Essays on Macroeconomic Theory: Technology Adoption, the Informal Economy, and Monetary Policy
It is well known that cross-country diferences in income per worker are very large. For example, the average per-capita income of the richest ten percent of countries of the Penn World Tables in 1996 is about thirty times that of the poorest ten percent. Development accounting uses cross-country data on output and inputs to measure the relative contribution of diferences in factor quantities, and di?erences in Total Factor Productivity (TFP) or the efciency with which those factors are used, in explaining these vast diferences in income per worker. The consensus view in development accounting is that TFP is the most important factor in accounting for diferences in income per worker across countries (See, for example, Klenow and Rodriguez-Clare (1997), Prescott (1998), Hall and Jones (1999), Ferreira, Issler and de Abreu Pessa (2000), and Caselli (2004).)
This suggests that in order to explain cross-country diferences in income per worker we need to understand why TFP difers across countries. An emergent literature addresses this issue and shows that cross-country di?erences in the institutional environment, in policies, or in human capital can cause large diferences in TFP. In particular, Acemoglu and Zilibotti (2001) emphasize the role of skill-mismatch. They argue that even if all countries have equal access to new technologies, the existence of technology-skill mismatch can lead to sizeable diferences in TFP and output per worker; Parente and Prescott (2000) and Herrendorf and Teixeira (2004) build the ories in which the protection of monopoly rights impedes the adoption of superior technologies; Rogerson and Restuccia (2004) argue that diferences in the allocation of resources across heterogeneous plants may be a signi?cant factor in accounting for cross-country di?erences in output per capita; Erosa and Hidalgo (2005) propose a theory in which capital market imperfections are at the origin of cross-country TFP differences; and Kocherlakota (2001) shows that limited enforcement and high inequality are crucial to understand the existence of institutions leading to the ine?cient use of technologies.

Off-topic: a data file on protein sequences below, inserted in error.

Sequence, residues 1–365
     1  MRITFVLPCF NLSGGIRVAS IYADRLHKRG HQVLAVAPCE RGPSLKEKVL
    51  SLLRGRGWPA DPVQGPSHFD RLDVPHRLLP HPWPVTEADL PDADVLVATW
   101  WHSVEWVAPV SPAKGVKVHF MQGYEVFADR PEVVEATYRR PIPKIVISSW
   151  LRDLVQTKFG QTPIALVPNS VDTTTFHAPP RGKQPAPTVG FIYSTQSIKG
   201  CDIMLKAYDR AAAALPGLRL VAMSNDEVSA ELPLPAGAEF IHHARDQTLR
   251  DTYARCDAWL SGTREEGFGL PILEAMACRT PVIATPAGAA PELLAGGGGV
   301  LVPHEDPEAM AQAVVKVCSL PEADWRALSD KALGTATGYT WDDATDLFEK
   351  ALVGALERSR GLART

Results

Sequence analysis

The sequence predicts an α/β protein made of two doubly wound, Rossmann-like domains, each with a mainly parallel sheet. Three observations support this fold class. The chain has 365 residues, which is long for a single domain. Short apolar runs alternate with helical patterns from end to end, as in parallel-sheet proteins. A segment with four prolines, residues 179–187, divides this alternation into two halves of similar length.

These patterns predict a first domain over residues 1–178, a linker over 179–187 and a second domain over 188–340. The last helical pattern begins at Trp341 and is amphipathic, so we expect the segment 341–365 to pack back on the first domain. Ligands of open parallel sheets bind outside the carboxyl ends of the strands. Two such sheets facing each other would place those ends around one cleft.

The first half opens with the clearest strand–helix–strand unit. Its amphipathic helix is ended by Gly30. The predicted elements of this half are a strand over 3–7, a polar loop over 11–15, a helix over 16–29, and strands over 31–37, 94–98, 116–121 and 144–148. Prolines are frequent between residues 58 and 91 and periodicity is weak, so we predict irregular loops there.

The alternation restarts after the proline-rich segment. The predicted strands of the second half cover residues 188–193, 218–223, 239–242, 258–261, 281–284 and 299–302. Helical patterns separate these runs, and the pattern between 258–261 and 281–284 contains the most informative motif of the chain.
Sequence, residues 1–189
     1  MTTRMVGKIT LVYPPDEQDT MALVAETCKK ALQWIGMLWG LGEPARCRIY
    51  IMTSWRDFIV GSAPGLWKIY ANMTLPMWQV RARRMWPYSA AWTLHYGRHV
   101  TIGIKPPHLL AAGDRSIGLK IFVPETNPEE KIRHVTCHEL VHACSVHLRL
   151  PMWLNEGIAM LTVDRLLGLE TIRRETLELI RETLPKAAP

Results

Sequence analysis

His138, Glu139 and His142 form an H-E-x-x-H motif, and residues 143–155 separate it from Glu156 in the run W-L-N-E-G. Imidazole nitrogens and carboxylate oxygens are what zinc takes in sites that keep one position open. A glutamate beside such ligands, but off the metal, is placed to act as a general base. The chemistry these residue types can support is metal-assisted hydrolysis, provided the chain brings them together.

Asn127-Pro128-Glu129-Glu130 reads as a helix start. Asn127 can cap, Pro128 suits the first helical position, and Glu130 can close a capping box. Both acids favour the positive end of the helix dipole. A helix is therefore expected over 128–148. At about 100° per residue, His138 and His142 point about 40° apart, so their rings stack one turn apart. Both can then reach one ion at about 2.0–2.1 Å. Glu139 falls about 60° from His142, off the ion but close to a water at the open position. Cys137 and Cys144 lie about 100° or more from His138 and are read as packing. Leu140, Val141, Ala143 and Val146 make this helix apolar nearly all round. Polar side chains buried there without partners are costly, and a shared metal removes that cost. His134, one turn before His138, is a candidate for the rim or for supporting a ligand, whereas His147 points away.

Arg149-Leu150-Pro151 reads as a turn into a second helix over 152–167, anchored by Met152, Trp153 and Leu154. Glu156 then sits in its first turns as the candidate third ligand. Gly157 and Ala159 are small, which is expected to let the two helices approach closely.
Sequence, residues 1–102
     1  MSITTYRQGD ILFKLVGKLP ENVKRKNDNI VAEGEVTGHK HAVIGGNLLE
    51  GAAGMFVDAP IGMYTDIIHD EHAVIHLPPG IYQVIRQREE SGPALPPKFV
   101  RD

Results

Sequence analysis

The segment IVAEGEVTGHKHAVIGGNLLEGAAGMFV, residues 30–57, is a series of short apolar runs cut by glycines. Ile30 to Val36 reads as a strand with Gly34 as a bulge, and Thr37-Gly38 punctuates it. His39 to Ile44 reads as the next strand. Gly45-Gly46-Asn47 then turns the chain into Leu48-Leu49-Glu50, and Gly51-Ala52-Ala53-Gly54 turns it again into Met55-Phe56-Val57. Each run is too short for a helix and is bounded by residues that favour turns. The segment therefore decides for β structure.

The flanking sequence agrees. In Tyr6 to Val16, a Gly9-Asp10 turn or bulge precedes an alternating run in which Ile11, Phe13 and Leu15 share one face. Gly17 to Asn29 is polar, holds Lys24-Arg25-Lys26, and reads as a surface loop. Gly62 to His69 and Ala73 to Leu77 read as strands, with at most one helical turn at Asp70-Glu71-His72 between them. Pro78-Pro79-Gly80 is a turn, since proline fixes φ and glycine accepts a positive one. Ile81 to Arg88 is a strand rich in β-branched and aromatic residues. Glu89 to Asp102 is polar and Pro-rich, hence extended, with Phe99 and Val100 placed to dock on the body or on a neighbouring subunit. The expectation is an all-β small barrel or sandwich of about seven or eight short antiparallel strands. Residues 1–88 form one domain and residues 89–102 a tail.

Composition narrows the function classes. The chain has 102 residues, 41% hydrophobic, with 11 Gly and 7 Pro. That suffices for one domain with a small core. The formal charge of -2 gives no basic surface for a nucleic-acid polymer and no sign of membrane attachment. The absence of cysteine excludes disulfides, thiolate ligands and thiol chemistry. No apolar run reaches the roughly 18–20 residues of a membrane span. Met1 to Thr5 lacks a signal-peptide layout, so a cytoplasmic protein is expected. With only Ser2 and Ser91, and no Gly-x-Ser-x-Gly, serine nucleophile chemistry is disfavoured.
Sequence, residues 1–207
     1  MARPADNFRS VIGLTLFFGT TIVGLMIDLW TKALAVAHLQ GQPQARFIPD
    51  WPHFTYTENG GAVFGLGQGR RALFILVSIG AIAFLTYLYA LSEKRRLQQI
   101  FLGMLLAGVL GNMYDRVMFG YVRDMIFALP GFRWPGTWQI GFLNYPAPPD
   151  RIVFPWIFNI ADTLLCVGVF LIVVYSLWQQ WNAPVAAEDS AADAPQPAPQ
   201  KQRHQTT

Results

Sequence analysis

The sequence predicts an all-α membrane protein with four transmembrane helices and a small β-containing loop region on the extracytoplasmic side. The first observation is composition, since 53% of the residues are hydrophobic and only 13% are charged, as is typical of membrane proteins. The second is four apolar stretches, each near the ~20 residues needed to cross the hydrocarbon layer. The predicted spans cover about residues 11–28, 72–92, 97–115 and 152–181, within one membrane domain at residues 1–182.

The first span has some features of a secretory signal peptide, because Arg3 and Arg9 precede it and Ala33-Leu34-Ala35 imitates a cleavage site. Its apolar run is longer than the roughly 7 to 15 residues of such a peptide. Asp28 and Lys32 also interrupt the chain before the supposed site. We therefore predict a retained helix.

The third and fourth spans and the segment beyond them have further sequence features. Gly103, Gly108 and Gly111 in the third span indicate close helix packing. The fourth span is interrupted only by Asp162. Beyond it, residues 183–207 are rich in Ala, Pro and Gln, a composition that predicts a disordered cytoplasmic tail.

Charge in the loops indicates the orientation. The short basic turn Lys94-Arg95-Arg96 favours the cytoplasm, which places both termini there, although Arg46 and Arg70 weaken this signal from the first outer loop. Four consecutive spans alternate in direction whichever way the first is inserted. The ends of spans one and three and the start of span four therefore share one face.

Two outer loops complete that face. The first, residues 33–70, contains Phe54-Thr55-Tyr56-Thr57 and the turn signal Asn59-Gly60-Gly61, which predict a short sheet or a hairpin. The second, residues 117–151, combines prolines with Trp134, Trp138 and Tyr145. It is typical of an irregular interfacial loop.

Advisor:Caballé, Jordi; Erosa, Andrés
School:Universitat Autónoma de Barcelona
Source Type:Master's Thesis
Keywords:412 departament d economia i historia economica
Date of Publication:11/17/2006